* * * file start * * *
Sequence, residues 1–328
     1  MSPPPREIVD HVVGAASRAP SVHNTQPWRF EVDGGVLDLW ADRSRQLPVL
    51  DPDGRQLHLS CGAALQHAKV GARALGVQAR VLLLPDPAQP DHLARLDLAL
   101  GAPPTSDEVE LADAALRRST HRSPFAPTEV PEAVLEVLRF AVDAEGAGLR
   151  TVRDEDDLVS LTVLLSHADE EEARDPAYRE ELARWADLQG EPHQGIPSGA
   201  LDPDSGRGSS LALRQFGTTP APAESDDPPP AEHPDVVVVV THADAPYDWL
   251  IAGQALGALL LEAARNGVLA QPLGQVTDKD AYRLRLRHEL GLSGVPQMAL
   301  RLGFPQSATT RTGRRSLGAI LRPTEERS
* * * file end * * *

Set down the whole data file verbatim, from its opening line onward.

Sequence, residues 1–328
     1  MSPPPREIVD HVVGAASRAP SVHNTQPWRF EVDGGVLDLW ADRSRQLPVL
    51  DPDGRQLHLS CGAALQHAKV GARALGVQAR VLLLPDPAQP DHLARLDLAL
   101  GAPPTSDEVE LADAALRRST HRSPFAPTEV PEAVLEVLRF AVDAEGAGLR
   151  TVRDEDDLVS LTVLLSHADE EEARDPAYRE ELARWADLQG EPHQGIPSGA
   201  LDPDSGRGSS LALRQFGTTP APAESDDPPP AEHPDVVVVV THADAPYDWL
   251  IAGQALGALL LEAARNGVLA QPLGQVTDKD AYRLRLRHEL GLSGVPQMAL
   301  RLGFPQSATT RTGRRSLGAI LRPTEERS